For many Americans, Labor Day means one last long weekend to end the summer. But the U.S. Department of Labor describes the holiday as “a creation of the labor movement,” meaning labor unions.

So how would organized labor celebrate?

1. Make union organizing a civil right. Democrats Georgia Rep. John Lewis and Minnesota Rep. Keith Ellison have introduced a bill that would that would do just that. The congressmen argue that the current National Labor Relations Board process is too slow. Dealing with labor issues as expeditiously as discrimination is one way they would resolve that.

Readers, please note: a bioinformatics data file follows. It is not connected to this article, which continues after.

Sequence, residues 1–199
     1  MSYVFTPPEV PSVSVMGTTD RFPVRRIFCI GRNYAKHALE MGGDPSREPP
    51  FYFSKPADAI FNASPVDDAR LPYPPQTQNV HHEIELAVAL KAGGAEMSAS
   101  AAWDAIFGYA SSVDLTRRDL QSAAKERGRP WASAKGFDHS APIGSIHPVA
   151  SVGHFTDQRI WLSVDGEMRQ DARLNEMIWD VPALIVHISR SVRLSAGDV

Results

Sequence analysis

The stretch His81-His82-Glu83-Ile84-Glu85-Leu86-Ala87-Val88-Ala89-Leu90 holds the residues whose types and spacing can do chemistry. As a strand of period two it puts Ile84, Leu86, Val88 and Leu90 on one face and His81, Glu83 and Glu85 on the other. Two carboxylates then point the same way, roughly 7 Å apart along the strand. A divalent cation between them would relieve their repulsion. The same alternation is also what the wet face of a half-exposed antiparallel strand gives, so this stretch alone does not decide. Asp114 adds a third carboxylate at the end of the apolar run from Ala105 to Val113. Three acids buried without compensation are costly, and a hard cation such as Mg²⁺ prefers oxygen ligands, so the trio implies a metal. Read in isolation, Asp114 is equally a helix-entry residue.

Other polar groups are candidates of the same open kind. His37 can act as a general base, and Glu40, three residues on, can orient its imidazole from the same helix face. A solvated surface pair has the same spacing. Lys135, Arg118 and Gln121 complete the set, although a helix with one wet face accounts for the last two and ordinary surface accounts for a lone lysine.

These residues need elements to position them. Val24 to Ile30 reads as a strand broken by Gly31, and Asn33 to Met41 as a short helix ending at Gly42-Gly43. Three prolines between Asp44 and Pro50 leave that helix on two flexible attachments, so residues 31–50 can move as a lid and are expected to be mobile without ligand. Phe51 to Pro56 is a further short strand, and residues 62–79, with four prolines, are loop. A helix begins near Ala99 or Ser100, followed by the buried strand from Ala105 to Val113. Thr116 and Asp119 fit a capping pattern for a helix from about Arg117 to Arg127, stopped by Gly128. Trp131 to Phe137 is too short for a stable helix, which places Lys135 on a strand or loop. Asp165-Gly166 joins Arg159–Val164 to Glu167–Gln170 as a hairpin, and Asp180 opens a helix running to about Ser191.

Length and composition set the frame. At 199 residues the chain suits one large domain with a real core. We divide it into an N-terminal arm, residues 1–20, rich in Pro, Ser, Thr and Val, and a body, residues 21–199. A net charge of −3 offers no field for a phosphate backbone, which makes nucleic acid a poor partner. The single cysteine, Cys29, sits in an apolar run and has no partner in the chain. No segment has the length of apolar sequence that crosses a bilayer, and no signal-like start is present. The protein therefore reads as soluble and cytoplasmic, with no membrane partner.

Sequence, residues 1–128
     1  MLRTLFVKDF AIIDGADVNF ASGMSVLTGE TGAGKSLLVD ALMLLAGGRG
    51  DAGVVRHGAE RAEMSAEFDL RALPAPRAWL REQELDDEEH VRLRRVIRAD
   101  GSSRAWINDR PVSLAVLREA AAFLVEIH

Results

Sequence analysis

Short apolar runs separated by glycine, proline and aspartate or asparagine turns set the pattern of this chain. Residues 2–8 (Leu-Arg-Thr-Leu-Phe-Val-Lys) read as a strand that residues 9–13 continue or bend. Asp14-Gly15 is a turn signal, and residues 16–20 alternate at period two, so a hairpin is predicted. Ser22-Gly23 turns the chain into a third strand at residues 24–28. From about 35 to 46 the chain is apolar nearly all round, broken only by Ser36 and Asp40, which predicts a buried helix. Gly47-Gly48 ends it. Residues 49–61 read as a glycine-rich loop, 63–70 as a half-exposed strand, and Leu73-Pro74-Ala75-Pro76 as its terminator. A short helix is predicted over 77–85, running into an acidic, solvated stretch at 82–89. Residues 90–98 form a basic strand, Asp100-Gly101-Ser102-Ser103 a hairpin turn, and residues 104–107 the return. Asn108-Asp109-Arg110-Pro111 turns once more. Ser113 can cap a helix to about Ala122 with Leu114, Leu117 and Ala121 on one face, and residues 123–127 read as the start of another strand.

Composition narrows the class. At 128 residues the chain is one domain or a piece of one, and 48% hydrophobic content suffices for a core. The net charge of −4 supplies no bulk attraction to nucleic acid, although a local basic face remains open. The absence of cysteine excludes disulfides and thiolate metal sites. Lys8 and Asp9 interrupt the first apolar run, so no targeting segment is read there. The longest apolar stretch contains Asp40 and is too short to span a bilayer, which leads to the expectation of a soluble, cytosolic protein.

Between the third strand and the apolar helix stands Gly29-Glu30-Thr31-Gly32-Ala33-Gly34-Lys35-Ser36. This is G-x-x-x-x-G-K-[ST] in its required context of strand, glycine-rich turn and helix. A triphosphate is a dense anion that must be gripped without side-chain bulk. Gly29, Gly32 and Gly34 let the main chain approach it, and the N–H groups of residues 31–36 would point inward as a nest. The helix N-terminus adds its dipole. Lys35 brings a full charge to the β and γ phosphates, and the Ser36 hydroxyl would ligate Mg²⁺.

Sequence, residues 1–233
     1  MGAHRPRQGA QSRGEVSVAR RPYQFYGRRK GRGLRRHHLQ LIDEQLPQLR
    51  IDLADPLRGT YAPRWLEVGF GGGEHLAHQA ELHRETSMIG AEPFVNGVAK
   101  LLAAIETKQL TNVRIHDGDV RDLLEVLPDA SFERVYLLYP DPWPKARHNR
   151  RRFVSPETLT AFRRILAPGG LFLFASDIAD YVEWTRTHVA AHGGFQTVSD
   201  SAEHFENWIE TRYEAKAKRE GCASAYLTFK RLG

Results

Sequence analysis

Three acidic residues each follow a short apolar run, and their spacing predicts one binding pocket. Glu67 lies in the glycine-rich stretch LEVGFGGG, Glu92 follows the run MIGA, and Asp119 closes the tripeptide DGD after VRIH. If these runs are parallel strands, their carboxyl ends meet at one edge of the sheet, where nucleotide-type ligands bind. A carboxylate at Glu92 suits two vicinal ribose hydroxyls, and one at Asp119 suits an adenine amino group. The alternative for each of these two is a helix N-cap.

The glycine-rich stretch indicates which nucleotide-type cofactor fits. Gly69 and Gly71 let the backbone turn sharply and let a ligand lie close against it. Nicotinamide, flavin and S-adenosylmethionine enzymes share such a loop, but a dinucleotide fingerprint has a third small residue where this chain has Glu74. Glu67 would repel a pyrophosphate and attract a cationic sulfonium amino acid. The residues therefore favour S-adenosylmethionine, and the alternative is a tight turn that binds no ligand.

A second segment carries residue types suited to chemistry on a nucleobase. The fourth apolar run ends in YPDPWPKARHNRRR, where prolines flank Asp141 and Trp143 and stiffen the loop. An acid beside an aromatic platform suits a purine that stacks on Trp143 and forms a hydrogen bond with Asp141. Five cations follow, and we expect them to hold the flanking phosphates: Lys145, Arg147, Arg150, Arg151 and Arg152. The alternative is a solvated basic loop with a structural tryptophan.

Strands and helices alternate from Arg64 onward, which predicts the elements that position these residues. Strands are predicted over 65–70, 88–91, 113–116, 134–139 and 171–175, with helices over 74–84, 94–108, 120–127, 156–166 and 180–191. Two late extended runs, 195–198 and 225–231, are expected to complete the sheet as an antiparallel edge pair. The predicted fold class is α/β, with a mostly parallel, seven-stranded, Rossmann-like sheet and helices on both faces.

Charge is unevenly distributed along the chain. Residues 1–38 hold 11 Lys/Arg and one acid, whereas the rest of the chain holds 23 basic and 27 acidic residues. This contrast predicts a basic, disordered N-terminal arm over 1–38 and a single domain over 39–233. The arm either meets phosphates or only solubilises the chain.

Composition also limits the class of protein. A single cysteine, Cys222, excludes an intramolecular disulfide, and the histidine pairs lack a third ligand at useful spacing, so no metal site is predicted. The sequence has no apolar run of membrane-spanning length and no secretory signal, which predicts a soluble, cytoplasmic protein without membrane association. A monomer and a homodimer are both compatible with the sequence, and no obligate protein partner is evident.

Lewis and Ellison propose letting anyone who claims they are fired because of union advocacy sue under the Civil Rights Act of 1964. This would make them eligible not only for back pay and reinstatement to their jobs, as under the current process, but also the kinds of compensatory and punitive damages allowed under the civil rights laws.

Critics charge that this would open the door to abusive litigation by people who wrongly claim they were fired because their bosses were anti-union, which would damage businesses.

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